New class of devices for signal routing and amplification

A recent collaboration between researchers led by Andreas Nunnenkamp from the University of Vienna and Ewold Verhagen from AMOLF, Amsterdam, has achieved a breakthrough in the field of signal routing. Their work, published in Nature Physics, introduces a novel concept called “quadrature nonreciprocity,” which enables unidirectional transport of signals without the need for bulky and lossy devices or magnetic fields.

Traditionally, devices that allow signals to travel in one direction, such as isolators or circulators, have relied on magnetic fields and exhibited significant drawbacks. The team’s research offers an alternative approach that is more compact and does not require time-reversal breaking.

Quadrature nonreciprocity leverages the interference between two distinct physical processes. This phenomenon introduces a dependence on the phase, or quadrature, of the signal, enabling unidirectional transmission. Dr. Clara Wanjura, the theoretical lead author, explains that these devices create a “dual carriageway” for signals, where one quadrature travels in one direction and the other in the opposite direction. Time-reversal symmetry ensures that the quadratures always move pairwise in separate lanes.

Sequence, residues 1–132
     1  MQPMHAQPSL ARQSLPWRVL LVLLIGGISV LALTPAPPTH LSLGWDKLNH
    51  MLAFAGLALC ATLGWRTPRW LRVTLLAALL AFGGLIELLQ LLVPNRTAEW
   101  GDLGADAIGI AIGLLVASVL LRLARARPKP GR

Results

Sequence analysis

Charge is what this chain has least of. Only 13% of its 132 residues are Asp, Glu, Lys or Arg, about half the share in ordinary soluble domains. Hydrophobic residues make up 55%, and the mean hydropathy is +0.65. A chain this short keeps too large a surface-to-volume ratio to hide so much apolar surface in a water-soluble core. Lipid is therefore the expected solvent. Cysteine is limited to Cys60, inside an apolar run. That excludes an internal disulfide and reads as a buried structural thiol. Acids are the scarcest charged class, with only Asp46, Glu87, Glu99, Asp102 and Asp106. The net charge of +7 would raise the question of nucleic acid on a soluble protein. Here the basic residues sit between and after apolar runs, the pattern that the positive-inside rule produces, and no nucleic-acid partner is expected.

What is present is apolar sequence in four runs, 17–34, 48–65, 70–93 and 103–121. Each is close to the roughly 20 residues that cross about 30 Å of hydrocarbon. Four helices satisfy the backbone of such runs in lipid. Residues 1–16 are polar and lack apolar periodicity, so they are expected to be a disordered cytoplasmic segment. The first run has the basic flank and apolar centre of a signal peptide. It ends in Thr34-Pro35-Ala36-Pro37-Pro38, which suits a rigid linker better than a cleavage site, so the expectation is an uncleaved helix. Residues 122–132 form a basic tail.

To demonstrate this concept, the experimental team at AMOLF employed a nanomechanical system using small silicon strings controlled by laser light. By exerting forces on the strings, the laser light facilitated interactions between their different vibration modes.

Dr. Jesse Slim, the experimental lead author, emphasizes the development of a versatile experimental toolbox that enabled the manipulation of the required interactions for quadrature nonreciprocity. This allowed them to observe the resulting unidirectional transport of signals experimentally.

The implications of this research are significant, as it opens up new possibilities for signal routing and quantum-limited amplification. These findings have potential applications in quantum information processing and sensing, addressing the needs of more flexible signaling devices in various practical scenarios.

Source: AMOLF

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